Tuesday was the first day in a long time that perfect weather aligned with my day off, so I decided to dedicate my whole day to an adventurous ride. Knowing I wouldn't have too much in the tank this early in the season, and not wanting to waste any miles getting out of or back into Portland, I planned to take the MAX train east to the end of the line and ride up into the hills that line the Columbia river gorge. I ended up doing this route Gravel WTF - A bike ride in Gresham, OR and it was amazing. The climb up was sunny and bucolic, passing through the farmland in and around Corbett. The descent down to the Columbia, however, tested the limits of my skill and gear. It dropped 1400 vertical ft in 2 miles, with grades greater than 20%, completely on gravel. Some was nice and hard packed, as in this shot [IMG][/IMG], but some stretches were on loose gravel the size of golf balls, carved up by rivulets of mountain runoff that joined this river [IMG][/IMG]I kept the rubber side down though, and shook the white from my knuckles with a nice stretch of beautiful pavement out to Wahkeena and Multnomah Falls [IMG][/IMG], where I took advantage of the touristy facilities and warmed up with a coffee, before turning around and taking the Historic Columbia River Hwy back past the Vista House [IMG][/IMG]and the Women's Forum [IMG][/IMG] and back to the MAX. The MAX stop in Portland happens to be right by the Velo Cult bike shop, and I stopped in there for a post ride recovery beer and to browse the collection of beautiful vintage bikes hanging from the ceiling. All in all, I couldn't ask for much more from a ride.
Last edited by megustamibici; 03-14-14 at 10:49 PM. Reason: photos
“You meet the nicest people on two wheels!"
"Learn from yesterday, live for today, hope for tomorrow." ~Albert Einstein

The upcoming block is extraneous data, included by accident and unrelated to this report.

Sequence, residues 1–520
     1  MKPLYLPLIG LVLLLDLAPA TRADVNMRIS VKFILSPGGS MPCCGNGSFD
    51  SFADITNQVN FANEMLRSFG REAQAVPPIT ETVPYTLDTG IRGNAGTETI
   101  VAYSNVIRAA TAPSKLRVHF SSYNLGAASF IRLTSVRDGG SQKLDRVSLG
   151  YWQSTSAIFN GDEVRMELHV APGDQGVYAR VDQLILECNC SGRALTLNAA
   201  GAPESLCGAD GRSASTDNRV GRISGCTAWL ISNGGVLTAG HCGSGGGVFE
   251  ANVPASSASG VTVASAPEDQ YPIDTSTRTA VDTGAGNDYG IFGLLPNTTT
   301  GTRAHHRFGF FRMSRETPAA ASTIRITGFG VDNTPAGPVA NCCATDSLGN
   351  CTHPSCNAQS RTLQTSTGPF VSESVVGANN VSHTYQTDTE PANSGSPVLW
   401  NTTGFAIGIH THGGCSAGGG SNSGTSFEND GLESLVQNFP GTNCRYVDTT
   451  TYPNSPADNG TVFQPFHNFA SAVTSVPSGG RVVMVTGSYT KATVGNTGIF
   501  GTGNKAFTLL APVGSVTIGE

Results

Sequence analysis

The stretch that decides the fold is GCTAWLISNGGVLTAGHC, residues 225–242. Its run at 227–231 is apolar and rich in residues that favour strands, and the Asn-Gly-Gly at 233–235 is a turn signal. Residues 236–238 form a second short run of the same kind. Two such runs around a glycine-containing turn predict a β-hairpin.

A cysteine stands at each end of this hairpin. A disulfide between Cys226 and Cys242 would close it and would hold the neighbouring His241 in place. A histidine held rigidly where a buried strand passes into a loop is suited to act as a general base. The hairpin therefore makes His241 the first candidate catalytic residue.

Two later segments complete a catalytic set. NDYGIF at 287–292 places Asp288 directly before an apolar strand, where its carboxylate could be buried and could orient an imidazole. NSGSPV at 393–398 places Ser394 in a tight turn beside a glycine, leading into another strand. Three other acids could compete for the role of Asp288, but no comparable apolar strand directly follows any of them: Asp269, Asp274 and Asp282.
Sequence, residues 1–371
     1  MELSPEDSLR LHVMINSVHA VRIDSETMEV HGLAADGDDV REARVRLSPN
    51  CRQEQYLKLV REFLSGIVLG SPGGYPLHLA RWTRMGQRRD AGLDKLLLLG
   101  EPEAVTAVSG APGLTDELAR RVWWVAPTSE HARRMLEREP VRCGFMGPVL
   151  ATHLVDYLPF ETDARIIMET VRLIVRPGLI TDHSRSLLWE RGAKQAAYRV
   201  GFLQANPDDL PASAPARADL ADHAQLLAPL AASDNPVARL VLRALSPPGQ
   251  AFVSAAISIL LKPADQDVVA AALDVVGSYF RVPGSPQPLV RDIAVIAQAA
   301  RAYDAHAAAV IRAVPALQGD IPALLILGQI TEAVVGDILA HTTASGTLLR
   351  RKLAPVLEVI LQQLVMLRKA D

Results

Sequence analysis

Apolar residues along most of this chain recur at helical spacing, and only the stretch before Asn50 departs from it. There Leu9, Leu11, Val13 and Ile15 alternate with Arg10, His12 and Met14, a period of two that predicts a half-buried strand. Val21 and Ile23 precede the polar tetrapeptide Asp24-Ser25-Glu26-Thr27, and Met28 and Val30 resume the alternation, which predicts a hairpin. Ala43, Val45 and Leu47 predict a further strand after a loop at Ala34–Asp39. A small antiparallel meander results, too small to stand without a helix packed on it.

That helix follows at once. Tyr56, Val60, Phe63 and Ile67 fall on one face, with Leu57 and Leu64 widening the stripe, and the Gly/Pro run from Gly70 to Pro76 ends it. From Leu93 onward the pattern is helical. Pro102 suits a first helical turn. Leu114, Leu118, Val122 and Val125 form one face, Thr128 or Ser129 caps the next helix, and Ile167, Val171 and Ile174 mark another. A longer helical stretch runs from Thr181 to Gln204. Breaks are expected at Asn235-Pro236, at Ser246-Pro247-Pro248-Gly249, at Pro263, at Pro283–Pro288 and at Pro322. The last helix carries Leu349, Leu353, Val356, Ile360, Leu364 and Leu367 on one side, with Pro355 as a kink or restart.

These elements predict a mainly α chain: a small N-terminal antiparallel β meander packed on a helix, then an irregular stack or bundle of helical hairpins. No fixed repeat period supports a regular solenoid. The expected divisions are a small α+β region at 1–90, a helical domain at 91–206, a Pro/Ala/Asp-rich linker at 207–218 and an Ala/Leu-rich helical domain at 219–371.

@Vonruden is that your Stumpjumper parked in front of the garage door with an eye-talian motif? Nice to see the boardwalk in one piece, rather than the typical post Sandy look.
Life is like riding a bicycle. To keep your balance you must keep moving. Albert Einstein
2016 Additions: 1981 Miyata 1000, 1981 Schwinn Voyageur 11.8 chrome
This reminds me of Ocean City, MD - at least the old part of it. They let you ride the boardwalk until 10:00 AM in the "season". In the winter you can ride all over the place with little traffic.
Many of the old businesses are family owned, and many of those businesses are owned by really strange characters. The big retailers don't understand how 90% of the traffic leaves after October.
On the "Azur coast" south of France yesterday with the 1977 GITANE TDF
An other picture upon the Med...in the middle, the "Cap Nègre"
First time out this year and went along the Delaware Raritan Canal.
Classic pics Vonruden.
Looks like a fantastic ride. I'm quite envious as we're just hitting the very start of riding season.All in all, I couldn't ask for much more from a ride.
I went for my first ride of the year yesterday. It was also the first ride on my Voyageur SP.
It was really short- maybe 5 miles. My legs are weak, and that short distance really handed my ass to me.